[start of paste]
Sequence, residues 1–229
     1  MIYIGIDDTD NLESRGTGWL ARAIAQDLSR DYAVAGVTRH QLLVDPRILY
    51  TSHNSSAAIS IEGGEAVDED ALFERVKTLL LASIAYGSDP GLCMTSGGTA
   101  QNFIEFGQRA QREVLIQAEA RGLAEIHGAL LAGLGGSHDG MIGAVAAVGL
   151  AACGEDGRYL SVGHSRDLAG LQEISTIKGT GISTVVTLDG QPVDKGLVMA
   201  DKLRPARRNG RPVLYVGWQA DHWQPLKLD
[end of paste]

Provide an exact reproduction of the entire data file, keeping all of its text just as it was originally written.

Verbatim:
Sequence, residues 1–229
     1  MIYIGIDDTD NLESRGTGWL ARAIAQDLSR DYAVAGVTRH QLLVDPRILY
    51  TSHNSSAAIS IEGGEAVDED ALFERVKTLL LASIAYGSDP GLCMTSGGTA
   101  QNFIEFGQRA QREVLIQAEA RGLAEIHGAL LAGLGGSHDG MIGAVAAVGL
   151  AACGEDGRYL SVGHSRDLAG LQEISTIKGT GISTVVTLDG QPVDKGLVMA
   201  DKLRPARRNG RPVLYVGWQA DHWQPLKLD